Every 26 July is Independence Day in Liberia, commemorating the 1847 declaration of independence by the US colony of Liberia.
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Beginning in 1822, freed slaves from the US began colonising what today is the nation of Liberia on the west African coast. The colonists ultimately set up a government modeled on the US Constitution and declared their independence in 1847. The US did not oppose and try to put down the “rebellion”.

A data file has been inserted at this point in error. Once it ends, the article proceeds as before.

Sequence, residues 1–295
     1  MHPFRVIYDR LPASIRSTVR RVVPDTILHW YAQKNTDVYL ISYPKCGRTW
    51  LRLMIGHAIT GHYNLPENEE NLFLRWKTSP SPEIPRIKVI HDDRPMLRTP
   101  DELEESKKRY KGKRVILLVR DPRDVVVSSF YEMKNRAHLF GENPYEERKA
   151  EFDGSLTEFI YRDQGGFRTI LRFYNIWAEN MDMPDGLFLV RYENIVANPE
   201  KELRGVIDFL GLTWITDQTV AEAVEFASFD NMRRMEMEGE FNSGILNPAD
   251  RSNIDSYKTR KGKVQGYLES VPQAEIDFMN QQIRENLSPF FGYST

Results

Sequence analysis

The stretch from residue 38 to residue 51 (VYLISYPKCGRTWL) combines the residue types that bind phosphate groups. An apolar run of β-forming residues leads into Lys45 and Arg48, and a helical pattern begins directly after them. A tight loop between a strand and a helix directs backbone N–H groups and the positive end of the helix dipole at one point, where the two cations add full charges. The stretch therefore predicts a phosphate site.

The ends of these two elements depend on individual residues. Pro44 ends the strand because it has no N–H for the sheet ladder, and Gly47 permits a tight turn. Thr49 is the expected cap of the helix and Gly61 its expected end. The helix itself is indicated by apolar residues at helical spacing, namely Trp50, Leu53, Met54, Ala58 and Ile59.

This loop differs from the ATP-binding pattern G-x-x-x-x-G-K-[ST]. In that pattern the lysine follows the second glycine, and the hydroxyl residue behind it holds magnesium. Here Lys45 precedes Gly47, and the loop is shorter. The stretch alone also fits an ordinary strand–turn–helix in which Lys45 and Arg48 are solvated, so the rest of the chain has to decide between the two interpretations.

However, there was long tension in Liberia between the descendants of settlers and those of the original tribes inhabiting the region. This tension played a big role in the civil war that raged in Liberia for 14 years, beginning in 1989. Finally, a free election put Charles Taylor in office as president in 1997, and democratic rule was reaffirmed.
On 26 July, Liberia remembers its declaration of independence and its establishment as the first free black republic on the continent. There are parades, parties, a grand ball for the nation’s leaders in Monrovia, and a host of other patriotic events.